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Development of dual reporter vector system for estimating translational activity of regulatory elements

Abstract

Background

For the needs of modern biotechnology, a quantitative approach to the control of regulatory elements at all stages of gene expression has long become indispensable. Such a control regime is impossible without a quantitative analysis of the role of each regulatory element or pattern used. Therefore, it seems important to modify and develop the accuracy, reproducibility, and availability of methods for quantifying the contribution of each regulatory code to the implementation of genetic information.

Results

A new vector system for transient expression in plants is described; this system is intended for quantitative analysis of the contribution of regulatory elements to transcription and translation efficiencies. The proposed vector comprises two expression cassettes carrying reporter genes (of the Clostridium thermocellum thermostable lichenase and E. coli β-glucuronidase) under the control of different promoters. Herewith we also propose a new method for quantification of the effect of tested regulatory elements on expression, which relies on assessment of the enzyme activities of reporter proteins taking into account the transcription of their genes.

Conclusions

In our view, this approach makes it possible to precisely determine the amounts of reporter proteins and their transcripts at all stages of expression. The efficiency of the proposed system has been validated by the analysis of the roles of known translation enhancers at the stages of transcription and translation.

Peer Review reports

Introduction

The recent advance in the technologies for obtaining omic data has allowed for accumulation of tremendous array of information. Correspondingly, molecular biologists frequently need experimental verification of the biomolecular data. A wide range of reporter systems working in most different organisms have been designed for this purpose. For plants, the most relevant method is transient expression–agroinfiltration; it consists in the transfer of a large number of copies of vectors via the infiltration of the agrobacteria (Agrobacterium tumefaciens) carrying these vectors to the mesophyll of a model plant. The apparent advantages of this approach are rapidness, simplicity, and availability [1]. The vector systems optimized for the transient expression in plants commonly have the following specific features: the absence of a selective marker, the presence of silencing suppressor genes, and the fact that the reporter genes code for rapidly maturing proteins. This tool makes it possible to get precise data on the expression of target polypeptides in plants. Nonetheless, transient expression is the approach that depends on manifold parameters. A considerable set of factors, such as plant age and the conditions of plant growth, can add noise to the corresponding data [1].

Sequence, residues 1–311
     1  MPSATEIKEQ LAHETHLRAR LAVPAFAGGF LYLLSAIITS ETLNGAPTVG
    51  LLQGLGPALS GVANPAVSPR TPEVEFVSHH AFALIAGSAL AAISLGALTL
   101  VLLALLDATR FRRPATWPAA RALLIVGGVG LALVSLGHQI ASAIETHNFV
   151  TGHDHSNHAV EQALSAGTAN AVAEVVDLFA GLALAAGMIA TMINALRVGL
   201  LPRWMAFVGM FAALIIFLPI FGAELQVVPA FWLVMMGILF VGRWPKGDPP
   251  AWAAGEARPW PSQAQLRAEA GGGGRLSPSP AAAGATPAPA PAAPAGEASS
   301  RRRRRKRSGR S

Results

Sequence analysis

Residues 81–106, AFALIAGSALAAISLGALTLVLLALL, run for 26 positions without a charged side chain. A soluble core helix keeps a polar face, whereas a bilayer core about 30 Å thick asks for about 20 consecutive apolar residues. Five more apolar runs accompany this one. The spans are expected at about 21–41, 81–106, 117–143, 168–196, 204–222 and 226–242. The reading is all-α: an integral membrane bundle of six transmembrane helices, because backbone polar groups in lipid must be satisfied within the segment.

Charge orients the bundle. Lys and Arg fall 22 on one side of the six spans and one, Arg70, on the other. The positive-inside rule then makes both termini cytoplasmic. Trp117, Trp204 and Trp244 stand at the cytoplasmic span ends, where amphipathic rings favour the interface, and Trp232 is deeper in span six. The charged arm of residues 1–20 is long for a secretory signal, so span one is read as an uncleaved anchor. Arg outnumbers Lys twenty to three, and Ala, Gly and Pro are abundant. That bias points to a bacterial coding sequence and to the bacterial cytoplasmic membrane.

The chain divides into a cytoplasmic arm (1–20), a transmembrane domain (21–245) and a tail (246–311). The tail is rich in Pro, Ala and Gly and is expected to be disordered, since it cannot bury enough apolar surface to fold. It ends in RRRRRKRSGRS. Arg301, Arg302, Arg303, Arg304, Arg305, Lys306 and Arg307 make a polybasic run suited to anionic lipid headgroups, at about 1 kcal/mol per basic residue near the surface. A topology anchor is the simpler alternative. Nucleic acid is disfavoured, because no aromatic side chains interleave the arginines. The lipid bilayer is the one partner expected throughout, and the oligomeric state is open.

In order to level the dependence of expression level on the uncontrolled conditions, we propose using the bireporter vector pLAUMe, carrying the genes of two reporter proteins, namely, Clostridium thermocellum thermostable lichenase (LicBM3) [2] and E. coli β-glucuronidase (GUS) [3, 4], which have shown a good performance as reporter proteins with different sensitivities being simple in use. This approach allows for a concurrent assessment of the expression levels of both the reporter genes under the control of a tested element and the gene being a kind of internal control. Thus, the presence of internal control module allows for assessment of the expression level of a gene from the target cassette despite the changes in external conditions. In addition, this makes it possible to avoid co-transformation, which considerably simplifies the experiment. The main advantages of the proposed vector system include simplification of the analysis of regulatory elements (no need in co-transformation) and a direct quantification of reporter proteins.